God’s Bailout Plan

December 12, 2008 by

Things in Detroit are rough, and church leaders are having to decide how to help their congregations through these difficult times. The New York Times tells their stories.

One churches featured SUVs on their stage during services, and another invited members of the United Auto Workers union to speak. Another changed their church sign to urge passer-bys to come in and hear “God’s bailout plan.”

The real kicker is the archbishop who offered “some pastoral insights and suggestions about how we might prepare to celebrate Christmas this year when economic conditions are so grim.”

SUVs on stage? Another cheesy church sign? Churches needing insight on how to celebrate Christmas without their congregations spending boatloads on gifts?

Looks like even though the economy is tanking, church marketing still sucks.

Post By:

Joshua Cody


Josh Cody served as our associate editor for several years before moving on to bigger things. Like Texas. These days he lives in Austin, Texas, with his wife, and you can find him online or on Twitter when he's not wrestling code.
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6 Responses to “God’s Bailout Plan”

  • Lindsay
    December 12, 2008

    I think we should make suggestions to better church marketing during these tough time. Simply criticizing and leaving it at that won’t make anything better. So, what can we as church marketers do to improve are marketing strategies while also helping people understand God’s role in such a tough economic time?


  • Darren Chapman
    December 12, 2008

    It’s no better here in Australia. Everywhere I go there is a cringe factor at signs and church flyers. We need a new site called http://www.churchsignssuck.com that gives hundreds of great ideas for every season that aren’t CHEESY!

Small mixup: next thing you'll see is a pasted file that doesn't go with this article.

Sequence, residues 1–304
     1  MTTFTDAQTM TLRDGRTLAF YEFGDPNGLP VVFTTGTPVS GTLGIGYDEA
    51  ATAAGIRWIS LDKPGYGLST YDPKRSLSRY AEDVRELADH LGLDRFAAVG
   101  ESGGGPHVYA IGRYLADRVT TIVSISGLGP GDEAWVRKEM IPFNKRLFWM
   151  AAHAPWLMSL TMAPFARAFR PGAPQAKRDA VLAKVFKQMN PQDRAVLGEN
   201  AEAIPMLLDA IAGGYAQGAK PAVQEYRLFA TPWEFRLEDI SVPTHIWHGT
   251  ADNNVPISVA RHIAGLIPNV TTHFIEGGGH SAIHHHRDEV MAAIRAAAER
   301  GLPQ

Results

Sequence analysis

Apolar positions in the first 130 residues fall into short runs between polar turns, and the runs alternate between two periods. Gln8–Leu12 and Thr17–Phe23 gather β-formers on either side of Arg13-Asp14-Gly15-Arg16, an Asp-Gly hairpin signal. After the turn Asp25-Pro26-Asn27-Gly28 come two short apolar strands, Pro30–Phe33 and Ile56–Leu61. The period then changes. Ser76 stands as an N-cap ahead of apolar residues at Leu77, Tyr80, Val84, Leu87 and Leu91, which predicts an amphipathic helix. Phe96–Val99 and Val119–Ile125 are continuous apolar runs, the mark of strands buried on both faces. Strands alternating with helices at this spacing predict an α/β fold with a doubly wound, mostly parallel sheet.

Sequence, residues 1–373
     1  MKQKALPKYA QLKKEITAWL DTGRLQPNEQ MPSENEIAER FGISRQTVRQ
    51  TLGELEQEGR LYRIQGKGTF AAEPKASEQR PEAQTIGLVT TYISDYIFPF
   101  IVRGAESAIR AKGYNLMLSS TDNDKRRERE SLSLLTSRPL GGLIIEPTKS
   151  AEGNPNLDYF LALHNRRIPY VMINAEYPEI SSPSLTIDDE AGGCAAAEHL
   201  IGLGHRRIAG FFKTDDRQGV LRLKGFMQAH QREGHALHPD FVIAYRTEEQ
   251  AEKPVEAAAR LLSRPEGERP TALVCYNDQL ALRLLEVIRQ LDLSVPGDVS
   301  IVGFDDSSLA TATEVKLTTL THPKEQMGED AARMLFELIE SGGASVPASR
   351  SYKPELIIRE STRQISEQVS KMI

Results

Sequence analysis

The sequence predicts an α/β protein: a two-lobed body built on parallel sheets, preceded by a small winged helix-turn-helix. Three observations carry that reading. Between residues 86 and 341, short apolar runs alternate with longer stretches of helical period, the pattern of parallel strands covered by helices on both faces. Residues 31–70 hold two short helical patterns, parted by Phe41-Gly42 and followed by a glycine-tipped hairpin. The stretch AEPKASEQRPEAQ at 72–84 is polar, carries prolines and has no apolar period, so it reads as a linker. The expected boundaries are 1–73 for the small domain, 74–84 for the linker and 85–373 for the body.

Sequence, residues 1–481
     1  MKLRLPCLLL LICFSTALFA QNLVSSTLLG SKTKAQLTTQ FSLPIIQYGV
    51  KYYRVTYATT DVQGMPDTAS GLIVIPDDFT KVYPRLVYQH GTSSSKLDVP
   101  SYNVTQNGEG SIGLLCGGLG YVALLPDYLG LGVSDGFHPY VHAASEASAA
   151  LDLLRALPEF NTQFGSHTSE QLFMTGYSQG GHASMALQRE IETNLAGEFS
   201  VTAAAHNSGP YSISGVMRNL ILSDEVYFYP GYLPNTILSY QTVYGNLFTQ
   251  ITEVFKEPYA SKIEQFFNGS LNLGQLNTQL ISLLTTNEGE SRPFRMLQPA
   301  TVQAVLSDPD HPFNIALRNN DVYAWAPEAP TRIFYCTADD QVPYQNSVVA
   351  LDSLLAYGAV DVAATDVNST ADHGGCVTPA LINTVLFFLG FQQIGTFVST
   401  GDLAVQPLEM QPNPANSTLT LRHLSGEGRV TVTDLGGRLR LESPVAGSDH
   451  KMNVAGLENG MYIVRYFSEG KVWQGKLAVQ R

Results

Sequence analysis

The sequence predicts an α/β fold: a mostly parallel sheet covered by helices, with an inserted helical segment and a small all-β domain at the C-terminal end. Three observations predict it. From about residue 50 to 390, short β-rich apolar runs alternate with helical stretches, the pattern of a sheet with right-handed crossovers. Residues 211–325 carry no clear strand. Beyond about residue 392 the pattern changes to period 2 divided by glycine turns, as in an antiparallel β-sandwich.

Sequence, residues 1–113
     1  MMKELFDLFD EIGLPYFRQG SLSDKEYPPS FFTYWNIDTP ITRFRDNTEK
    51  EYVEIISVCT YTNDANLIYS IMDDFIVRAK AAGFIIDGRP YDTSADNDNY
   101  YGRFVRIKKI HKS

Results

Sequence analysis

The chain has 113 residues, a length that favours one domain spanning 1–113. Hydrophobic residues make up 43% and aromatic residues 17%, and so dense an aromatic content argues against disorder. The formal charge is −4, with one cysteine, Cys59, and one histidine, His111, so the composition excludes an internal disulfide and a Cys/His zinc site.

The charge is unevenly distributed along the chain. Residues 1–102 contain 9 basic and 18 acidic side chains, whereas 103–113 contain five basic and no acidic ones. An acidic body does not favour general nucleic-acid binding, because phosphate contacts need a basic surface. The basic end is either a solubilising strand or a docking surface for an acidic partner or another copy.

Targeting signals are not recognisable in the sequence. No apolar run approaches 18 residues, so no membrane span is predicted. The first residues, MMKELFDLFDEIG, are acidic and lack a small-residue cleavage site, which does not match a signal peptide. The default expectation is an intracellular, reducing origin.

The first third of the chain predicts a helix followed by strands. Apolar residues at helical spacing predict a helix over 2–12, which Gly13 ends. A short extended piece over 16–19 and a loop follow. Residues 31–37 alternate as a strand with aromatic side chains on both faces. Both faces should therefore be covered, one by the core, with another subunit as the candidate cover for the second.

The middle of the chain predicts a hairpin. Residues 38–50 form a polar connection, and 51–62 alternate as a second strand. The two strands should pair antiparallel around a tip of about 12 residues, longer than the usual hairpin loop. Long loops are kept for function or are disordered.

‘Life is tough, pray hard’ just isn’t going to cut it!


  • Lex
    December 15, 2008

    I’d commend the church that taught on celebrating Christmas in tough financial times. It’s something that I’d like to think people wouldn’t NEED to be taught, but if the leadership at a local church discerned that it’s going to be a problem, and they addressed it – why isn’t that a good thing? Why aren’t we patting them on the back for being relevant to the people in their community?
    Christmas is tighter for just about everyone this year. I can’t imagine what’s it’s going to like in communities suffering from mass lay-offs. Considering that most Americans have been taught their entire lives that Christmas is about piles of presents under a tree, it might take a little re-training. If people are down because they can’t provide the piles of gifts for their families, I think it’s great that church leadership tries to encourage their spirits by re-focusing them on family and the birth of Christ.
    It may seem silly, but if that’s what people need …
    It’s not super-hip and it’s not slick and it’s not going to require a stage theme, but they’re trying to help people.
    If it’s disappointing to the marketers and communications people watching, I’m sure constructive suggestions would be welcome. And if any can’t be offered, maybe we should realize that – even though we know we’re the coolest – Church isn’t ALL about marketing.


  • Lindsay
    December 15, 2008

    I agree with Lex. I don’t see the problem with marketing a sermon about the focus of Christmas during touch financial times. Especially in Detroit churches! And if we can’t give them constructive suggestions then we certainly shouldn’t be judging their ideas.


  • al
    December 15, 2008

    I agree with Lex. Also churches in need of guidance on christmas are really bankrupt. We should just rename name Christmas – “Down at Walmart”
    My more “spiritual” family members gave me lists of stuff they don’t need from Walmart but want to see under the tree.
    Although I am not a bible beater me and my wife chose to forgo gifts but are giving to local non-profits in the area which are hurting bad.
    My family’s sad response was “It is the one time of year we all get to open gifts together” like I let them down.
    I don’t like to pray but this year I will and I am asking for the gift of “humanity”


  • albert
    December 15, 2008

    I agree with Lex. Also churches in need of guidance on christmas are really bankrupt. We should just rename name Christmas – “Down at Walmart”
    My more “spiritual” family members gave me lists of stuff they don’t need from Walmart but want to see under the tree.
    Although I am not a bible beater me and my wife chose to forgo gifts but are giving to local non-profits in the area which are hurting bad.
    My family’s sad response was “It is the one time of year we all get to open gifts together” like I let them down.
    I don’t like to pray but this year I will and I am asking for the gift of “humanity”



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